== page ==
May 2019: Investors should look at growth rates after adjusting for inflation

The Nifty is up nearly 10% in this calendar year and has been steadily climbing apart from a brief blip before the election results. With the election results out of the way, there is a sense of buoyancy. Stock markets like decisive mandates and continuity of policy, but these factors are temporary. Long term returns from equity markets are dependent largely on long term corporate performance and the valuations at the point of purchase.

Over the past 5 years (FY2014-19) the median company currently in the Nifty, has grown revenues at 10.6% pa and profits at 10.1% pa. This compares with a revenue growth of 18.3% pa and profit growth of 20.8% pa in the previous 5 year period (FY2009-14). One of the main reasons for such a stark difference is lower inflation over the period FY2014-19. Inflation over the past 5 years has averaged 3.6% compared with 8.4% in the prior 5 year period. Though real GDP growth over both these periods have been nearly the same, nominal GDP growth over the past 5 years has been 10.8% pa compared with 15.1% in the prior 5 years, primarily due to higher inflation during FY2009-14. Another contributor to the higher profit and revenue growth in FY2009-14 is the low base of FY2009 which was near the bottom of the global financial crisis. As investors, it is important to view growth rates adjusted for inflation.

Many of the larger companies in India are commodity centric and these companies have been among the worst hit in the global economic slowdown that we are experiencing, where commodity prices have been soft. The current margins for many of these companies are less than historical levels. Moreover, PSU Banks, telecom and some industrial companies have also seen poor performance over the last 5 years. Apart from the sectors mentioned above, the overall growth rates have been reasonably good.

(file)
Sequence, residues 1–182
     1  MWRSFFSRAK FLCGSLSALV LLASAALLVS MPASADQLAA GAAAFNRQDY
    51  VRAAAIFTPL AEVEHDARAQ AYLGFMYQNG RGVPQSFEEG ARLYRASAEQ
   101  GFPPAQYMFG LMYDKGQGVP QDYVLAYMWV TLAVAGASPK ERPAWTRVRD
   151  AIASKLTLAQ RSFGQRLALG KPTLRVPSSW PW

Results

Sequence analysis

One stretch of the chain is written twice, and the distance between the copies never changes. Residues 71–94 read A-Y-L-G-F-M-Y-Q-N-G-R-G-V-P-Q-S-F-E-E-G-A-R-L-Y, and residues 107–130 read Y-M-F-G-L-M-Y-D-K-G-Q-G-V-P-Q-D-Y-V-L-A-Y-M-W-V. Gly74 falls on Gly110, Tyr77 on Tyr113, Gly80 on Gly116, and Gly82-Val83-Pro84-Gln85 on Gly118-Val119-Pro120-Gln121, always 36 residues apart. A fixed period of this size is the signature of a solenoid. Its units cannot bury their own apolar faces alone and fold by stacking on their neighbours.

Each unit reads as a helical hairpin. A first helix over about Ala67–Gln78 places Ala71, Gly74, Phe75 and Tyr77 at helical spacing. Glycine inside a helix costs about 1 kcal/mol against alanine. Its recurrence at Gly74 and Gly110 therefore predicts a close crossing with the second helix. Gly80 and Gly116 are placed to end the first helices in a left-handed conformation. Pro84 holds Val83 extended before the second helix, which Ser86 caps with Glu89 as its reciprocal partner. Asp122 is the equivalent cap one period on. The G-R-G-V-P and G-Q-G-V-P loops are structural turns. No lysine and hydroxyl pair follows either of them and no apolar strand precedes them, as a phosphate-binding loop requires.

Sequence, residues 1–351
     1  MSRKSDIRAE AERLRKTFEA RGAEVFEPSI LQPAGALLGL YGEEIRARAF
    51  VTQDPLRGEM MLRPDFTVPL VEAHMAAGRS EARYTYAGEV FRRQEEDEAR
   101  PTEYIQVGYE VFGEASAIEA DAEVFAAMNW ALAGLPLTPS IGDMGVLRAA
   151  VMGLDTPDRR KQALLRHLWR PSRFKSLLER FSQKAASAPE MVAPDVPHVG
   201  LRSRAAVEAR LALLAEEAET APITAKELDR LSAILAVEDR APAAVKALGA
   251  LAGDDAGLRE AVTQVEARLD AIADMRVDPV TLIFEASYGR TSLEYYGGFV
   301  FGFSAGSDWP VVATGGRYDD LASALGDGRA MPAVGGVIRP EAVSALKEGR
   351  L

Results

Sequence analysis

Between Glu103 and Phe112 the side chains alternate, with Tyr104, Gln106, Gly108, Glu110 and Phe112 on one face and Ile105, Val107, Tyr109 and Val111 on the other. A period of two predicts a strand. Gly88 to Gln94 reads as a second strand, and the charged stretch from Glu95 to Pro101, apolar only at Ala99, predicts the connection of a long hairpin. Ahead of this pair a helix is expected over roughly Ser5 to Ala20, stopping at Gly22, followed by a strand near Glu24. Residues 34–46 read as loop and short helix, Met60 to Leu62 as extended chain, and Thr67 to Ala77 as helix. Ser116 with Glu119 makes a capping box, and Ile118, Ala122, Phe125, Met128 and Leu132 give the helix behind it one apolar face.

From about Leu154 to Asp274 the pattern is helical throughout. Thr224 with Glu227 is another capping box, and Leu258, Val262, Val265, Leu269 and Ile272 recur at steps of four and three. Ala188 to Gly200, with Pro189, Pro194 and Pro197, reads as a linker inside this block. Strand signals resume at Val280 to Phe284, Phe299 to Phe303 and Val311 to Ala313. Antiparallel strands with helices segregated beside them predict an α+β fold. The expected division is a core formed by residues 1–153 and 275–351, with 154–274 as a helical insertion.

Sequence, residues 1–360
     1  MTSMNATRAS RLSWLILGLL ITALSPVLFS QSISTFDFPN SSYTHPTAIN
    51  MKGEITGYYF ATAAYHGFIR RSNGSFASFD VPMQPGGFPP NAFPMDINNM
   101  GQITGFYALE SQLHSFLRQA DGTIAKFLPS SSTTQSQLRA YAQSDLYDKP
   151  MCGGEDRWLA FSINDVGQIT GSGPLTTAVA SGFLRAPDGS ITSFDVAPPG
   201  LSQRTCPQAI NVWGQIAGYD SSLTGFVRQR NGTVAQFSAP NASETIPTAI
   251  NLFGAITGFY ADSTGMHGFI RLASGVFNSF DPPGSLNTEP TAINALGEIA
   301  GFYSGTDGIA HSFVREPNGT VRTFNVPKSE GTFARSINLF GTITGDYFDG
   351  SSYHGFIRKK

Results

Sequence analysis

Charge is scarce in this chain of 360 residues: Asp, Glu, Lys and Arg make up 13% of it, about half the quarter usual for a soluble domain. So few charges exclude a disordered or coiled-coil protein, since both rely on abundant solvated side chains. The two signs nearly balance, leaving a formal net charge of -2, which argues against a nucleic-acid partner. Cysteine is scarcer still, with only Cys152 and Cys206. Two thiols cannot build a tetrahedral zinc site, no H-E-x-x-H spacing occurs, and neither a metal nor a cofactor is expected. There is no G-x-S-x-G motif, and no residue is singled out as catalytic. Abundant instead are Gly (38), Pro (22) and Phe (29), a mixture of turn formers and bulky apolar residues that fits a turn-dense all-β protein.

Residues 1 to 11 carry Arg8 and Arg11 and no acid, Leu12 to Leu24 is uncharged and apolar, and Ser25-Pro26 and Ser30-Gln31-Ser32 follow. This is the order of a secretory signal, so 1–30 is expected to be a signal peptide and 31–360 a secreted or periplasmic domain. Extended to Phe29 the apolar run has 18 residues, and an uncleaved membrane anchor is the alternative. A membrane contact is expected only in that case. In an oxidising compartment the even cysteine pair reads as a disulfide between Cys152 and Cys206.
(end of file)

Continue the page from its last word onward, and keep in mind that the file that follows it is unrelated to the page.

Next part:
With the Nifty near an all-time high, its valuations are on the higher side. On the other hand, the Nifty Mid-cap 100 index is trading nearly 18% lower than its peak levels. The broader market correction is throwing up some opportunities for investors, but this is a market where one needs to be cautious as the average company valuations are not favorable. Investment opportunities are few and selective.

Consumption has a large role to play in India’s GDP and the good news is that the Indian consumption story is strong. First, we have a young population, wanting to earn more and spend more. Second, the Indian consumer is under leveraged when compared to its global peers. Third, across the board we see under-penetration in most product categories compared with other countries which are ahead of India, in terms of per-capita GDP – offering huge and proven growth opportunities for companies over the long term. The role of the government, in many cases, is to remove the bottlenecks in realizing these growth opportunities.

The economy is experiencing some headwinds due to the current NBFC crisis and one expects the new government and the RBI to work towards resolving the issues. Growth pangs are part and parcel of any high growth economy and the good news is that institutionalized systems are evolving which can fix such issues. We are comfortable with the long term prospects for the economy but are keeping an eye on the valuations of companies.